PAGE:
The inexpensive fusion technologies really could usher in a whole new world – with cheap electric power, we can cure many of the world’s problems that are related to scarcity*: water shortages, food shortages, poverty caused by lack of clean industrial development. It means fast and inexpensive space travel, too – possibly enabling us to survive world-size disasters like asteroid impacts.

I’m hopeful that more resources being put into this kind of power generation will yield results faster than ITER, which has been slow and expensive.


* Yes, if we can also stop fighting so much. I’m hopeful that when cheap fusion power is prevalent we will at least stop fighting wars over resources.


Fearing your idea

Caleb Elston:

A good product is not a bucket of features, a mere bulleted list of
things users can do. A good product is an exercise in exclusion. A
good product is defined as much by what it doesn’t do as by what it
does. This is especially true at the start. At the onset, people don’t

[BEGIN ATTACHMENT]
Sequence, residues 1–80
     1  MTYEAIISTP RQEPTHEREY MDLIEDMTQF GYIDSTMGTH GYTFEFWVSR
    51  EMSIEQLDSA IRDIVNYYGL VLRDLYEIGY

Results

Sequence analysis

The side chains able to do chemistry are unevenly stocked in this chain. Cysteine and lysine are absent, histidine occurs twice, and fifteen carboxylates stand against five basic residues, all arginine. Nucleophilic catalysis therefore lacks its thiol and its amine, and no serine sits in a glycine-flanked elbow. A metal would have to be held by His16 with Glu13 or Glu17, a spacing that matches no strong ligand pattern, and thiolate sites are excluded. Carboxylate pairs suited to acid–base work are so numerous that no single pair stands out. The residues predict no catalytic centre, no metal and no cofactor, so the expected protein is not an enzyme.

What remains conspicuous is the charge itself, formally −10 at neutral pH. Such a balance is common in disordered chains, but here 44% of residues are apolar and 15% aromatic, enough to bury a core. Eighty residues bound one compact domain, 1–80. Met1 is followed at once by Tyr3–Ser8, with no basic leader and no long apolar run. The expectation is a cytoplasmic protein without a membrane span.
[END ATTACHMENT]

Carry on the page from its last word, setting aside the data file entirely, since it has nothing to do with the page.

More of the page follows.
care about you, they don’t know what you do, and they certainly won’t
put up with a confused product. This apathy must be acknowledged and
combated in a product that does one thing extremely well; otherwise it
won’t stick.

(Via Hacker News)


Map of the world’s undersea cables

Cool. (Via Hacker News)


Open Source War on Poverty

One thing that can be said about Julian Assange is that he is effective at radical transparency. Large hierarchical organizations (militaries, corporations) now fear for their secrecy. John Robb has a good article on Assange today:

Julian Assange

…what’s really interesting about Wikileak’s Julian Assange is that he is one of the most important innovators in modern conflict alive today. A true global guerrilla. In other words, he’s a person that has effectively adapted modern methods of warfare/conflict to engage and defeat the biggest nation-states in the world.

Robb uses the language of warfare a lot – which can be offputting. But if you translate “warfare” into “conflict” you are entering the world of Sun Tzu’s Art of War, where conflict is a natural part of human life, and is not good or evil. What matters is how to achieve a victory that can “take whole,” subdue conflict while doing what is right for all people involved: